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Walking to the end of the world

Two years ago this week I heaved on my pack, left St Jean Pied de Port in France and set off on a track over the Pyrenees. I walked for 500 miles,  all the way across Spain.

Or almost. Five hundred miles took me no further than Santiago de Compostella. In my mind it had always been the final destination, the culmination of my month-long pilgrimage along the paths and roads of rural Spain and its villages, meseta, woods, towns and cities .

Some of my friends rested a day in Santiago then carried on walking and many others took a bus trip to the coast.  I did neither. I just needed to absorb the atmosphere of the ancient place after the weeks of sweat, pain, heat, friendship and laughter involved in reaching it. I felt that rushing on and doing something else would diminish the pilgrimage experience that had been a month – or indeed years – in the making.

I knew I wanted to go to Finisterre  one day, to experience the “end of the world” like so many pilgrims had done and the only way I wanted to do it was on foot. I knew it would happen, when the time was right.

And in exactly four weeks I’ll be meeting up in Santiago with a few of the people who became my Camino family in Spain in the autumn of 2012.

Irish John, and Doug and Pam from Perth, Australia will be waiting in Cathedral Square (having done parts of the Camino again) when Helen from Sweden and I arrive. And after a vino tinto or two we’ll pull on our boots and set off walking next day, for Finisterre, Muxia and the sea.

Other old friends will be sadly missing but we’ll toast them. Suzanne, Ramon, Donald, Elaine and Bill, Anna and Nikolai, Tasmanian Scott, Lisette, Andreas, Bibi,  Ada (although she might turn up too) Carmen and Nathan and so many others.

Many of these people have influenced these past two years of travel, fun and adventure. I’ve seen Western Australian beaches with Doug and Pam; skated, skied and explored Ontario with Donald, celebrated Canada Day thenBurns Day with him in Scotland; I’ve hunted kilted Jacobites, walked the West Highland Way, drunk tea and whisky with Helen all over the Highlands; shared beers and stories in a Copenhagen park with Bibi and Lisette; seen Denmark by bike and at speed from Anna and Nikolai’s perspective and had lunch with Ada in Glasgow.

My Camino didn’t end in late September 2012; it just keeps on developing. And I’m impatient now to walk again, to renew these  friendships and maybe to forge new ones; to discover where the Way will lead me next.


19 Comments Post a comment
  1. I love this, Nancy. I’m in the beginning stages of planning my own Camino, sometime in 2017. I absorb these stories and savor them, dreaming of writing my own . . . Have a beautiful trek to Finisterre. Cannot wait to read more!!

    September 2, 2014
    • Still four weeks to go and I’m excited already. But the build up to the Independence referendum is equally thrilling so this is definitely a time to be on home ground. Anything could happen.

      September 2, 2014
  2. Keep on walkin’!

    August 31, 2014
    • Sure will … I’ve been up seven mountains in the last three weeks and plotting more before the weather starts to change.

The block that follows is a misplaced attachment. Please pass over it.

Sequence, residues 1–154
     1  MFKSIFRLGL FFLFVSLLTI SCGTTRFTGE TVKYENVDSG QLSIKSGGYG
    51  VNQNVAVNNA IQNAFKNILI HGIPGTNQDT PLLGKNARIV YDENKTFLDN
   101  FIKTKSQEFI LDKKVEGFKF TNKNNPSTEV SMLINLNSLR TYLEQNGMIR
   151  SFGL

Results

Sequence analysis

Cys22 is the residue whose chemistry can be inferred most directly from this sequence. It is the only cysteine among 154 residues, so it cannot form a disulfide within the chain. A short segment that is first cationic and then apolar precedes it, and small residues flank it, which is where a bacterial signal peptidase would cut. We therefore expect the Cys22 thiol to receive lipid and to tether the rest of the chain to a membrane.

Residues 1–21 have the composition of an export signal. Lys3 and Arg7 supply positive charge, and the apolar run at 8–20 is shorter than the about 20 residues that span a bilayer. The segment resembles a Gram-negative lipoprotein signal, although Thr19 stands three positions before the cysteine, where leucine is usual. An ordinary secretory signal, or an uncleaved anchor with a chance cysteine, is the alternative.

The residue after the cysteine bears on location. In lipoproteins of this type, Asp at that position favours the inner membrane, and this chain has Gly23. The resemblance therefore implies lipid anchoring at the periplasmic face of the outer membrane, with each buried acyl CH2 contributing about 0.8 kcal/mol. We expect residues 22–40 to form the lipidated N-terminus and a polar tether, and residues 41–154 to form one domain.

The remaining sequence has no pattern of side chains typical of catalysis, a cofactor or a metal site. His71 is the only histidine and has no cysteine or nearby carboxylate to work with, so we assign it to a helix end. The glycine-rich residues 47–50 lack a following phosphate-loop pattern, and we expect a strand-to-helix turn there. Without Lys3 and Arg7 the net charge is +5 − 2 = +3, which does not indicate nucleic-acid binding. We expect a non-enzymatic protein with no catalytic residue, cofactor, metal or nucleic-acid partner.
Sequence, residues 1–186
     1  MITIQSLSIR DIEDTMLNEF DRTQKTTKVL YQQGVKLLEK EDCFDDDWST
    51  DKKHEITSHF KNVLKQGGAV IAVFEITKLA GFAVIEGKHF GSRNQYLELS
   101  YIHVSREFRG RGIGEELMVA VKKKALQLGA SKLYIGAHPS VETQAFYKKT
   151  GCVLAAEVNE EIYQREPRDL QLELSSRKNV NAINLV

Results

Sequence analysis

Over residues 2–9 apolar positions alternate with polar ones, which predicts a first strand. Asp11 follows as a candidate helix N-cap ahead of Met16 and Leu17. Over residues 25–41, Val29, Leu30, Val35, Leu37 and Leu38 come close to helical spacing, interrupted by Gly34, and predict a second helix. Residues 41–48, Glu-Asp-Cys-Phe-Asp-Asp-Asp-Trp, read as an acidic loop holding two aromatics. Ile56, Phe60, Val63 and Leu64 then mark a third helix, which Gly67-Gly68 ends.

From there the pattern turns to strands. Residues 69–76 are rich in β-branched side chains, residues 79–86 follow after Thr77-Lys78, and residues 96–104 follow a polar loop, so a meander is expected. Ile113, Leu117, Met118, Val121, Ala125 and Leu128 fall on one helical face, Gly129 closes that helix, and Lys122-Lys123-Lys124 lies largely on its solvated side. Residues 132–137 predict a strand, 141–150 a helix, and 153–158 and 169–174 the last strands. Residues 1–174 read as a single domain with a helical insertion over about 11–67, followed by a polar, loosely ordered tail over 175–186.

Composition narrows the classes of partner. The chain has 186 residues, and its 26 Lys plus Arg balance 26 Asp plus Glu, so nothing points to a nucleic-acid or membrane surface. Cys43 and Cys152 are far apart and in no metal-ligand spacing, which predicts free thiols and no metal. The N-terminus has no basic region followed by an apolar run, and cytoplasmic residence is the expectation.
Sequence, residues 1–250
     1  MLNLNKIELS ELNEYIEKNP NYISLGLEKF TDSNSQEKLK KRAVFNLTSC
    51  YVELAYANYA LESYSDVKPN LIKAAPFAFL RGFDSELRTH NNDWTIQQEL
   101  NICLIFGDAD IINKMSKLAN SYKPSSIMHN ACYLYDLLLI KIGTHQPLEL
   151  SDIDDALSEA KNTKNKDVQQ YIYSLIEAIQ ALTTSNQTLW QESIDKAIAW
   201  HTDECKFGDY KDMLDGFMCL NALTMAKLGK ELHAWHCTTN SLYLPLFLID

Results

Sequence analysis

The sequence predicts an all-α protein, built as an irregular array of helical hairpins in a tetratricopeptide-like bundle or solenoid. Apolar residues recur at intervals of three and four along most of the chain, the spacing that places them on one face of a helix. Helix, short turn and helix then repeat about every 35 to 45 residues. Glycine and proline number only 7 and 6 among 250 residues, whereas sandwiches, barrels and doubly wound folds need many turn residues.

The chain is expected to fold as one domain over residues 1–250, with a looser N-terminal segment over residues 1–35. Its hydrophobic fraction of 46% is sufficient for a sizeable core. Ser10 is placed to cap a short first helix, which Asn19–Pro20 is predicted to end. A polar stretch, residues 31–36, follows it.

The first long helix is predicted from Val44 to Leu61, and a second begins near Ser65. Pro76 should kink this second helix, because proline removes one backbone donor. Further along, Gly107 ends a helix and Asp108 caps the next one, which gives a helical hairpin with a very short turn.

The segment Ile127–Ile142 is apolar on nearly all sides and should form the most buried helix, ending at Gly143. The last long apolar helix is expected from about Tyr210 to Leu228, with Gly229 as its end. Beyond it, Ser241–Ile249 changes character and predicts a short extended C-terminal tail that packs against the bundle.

September 2, 2014
      • You are intrepid! Most excellent.

        September 3, 2014
  3. Sure wish I could join you, I still have the urge to go back. Someday…

    Have fun and stay healthy! Tell everyone Elaine and Brian say hello and Buen Camino!

    August 29, 2014
  4. What a wonderful adventure!

    August 29, 2014
  5. The Way. The unbelievably beautiful Way. What a wondrous journey you are choosing. Enviable here, at least for the present moment. Thanks for sharing a glimpse into your walking, along the Camino and otherwise.

    August 28, 2014
    • And thank you for taking the time to read it Eric. I pore over my photos of two years ago and sometimes I just long to do it all over again, afresh, and more slowly. In the meantime the new adventure looms and I try to be patient.

      August 28, 2014
  6. ‘Way’ to go Nancy. Will you go to Muxia too? The parts after Santiago were at least and probably more memorable in many ways for me. I wish you well.

    August 28, 2014
    • Yes to Muxia too and then start walking back towards Santiago, all being well. Thanks for the good wishes, Scott.

      August 28, 2014
  7. What an undertaking that was. Good for you, Nancy. I bet your camera got a good workout on that trip.

    August 28, 2014
    • The camera’s workout was easy. It got a lift all the way!

      August 28, 2014
  8. How wonderful!! On my walk to Finisterre I met and befriended a Canadian woman who walked the Camino 6 years ago, ending in Santiago. Like you, she knew she would return to walk to Finisterre one day, and she fulfilled that promise to herself this summer. I loved walking with her and hearing how the Camino influenced her life, and her reflections on returning to complete something she started years ago. I can’t wait to hear about your own experience… and it made me smile to read that you are reuniting with old Camino friends. Buen Camino!!

    August 28, 2014
  9. Have a great time, I know Mum and Dad are crazy excited to do it all again and meet up with old friends 🙂

    August 28, 2014
    • Thanks Anna. Look forward to seeing them, even though they’ll be super fit by the time they arrive in Santiago and will leave me trailing in their dust!

      August 28, 2014

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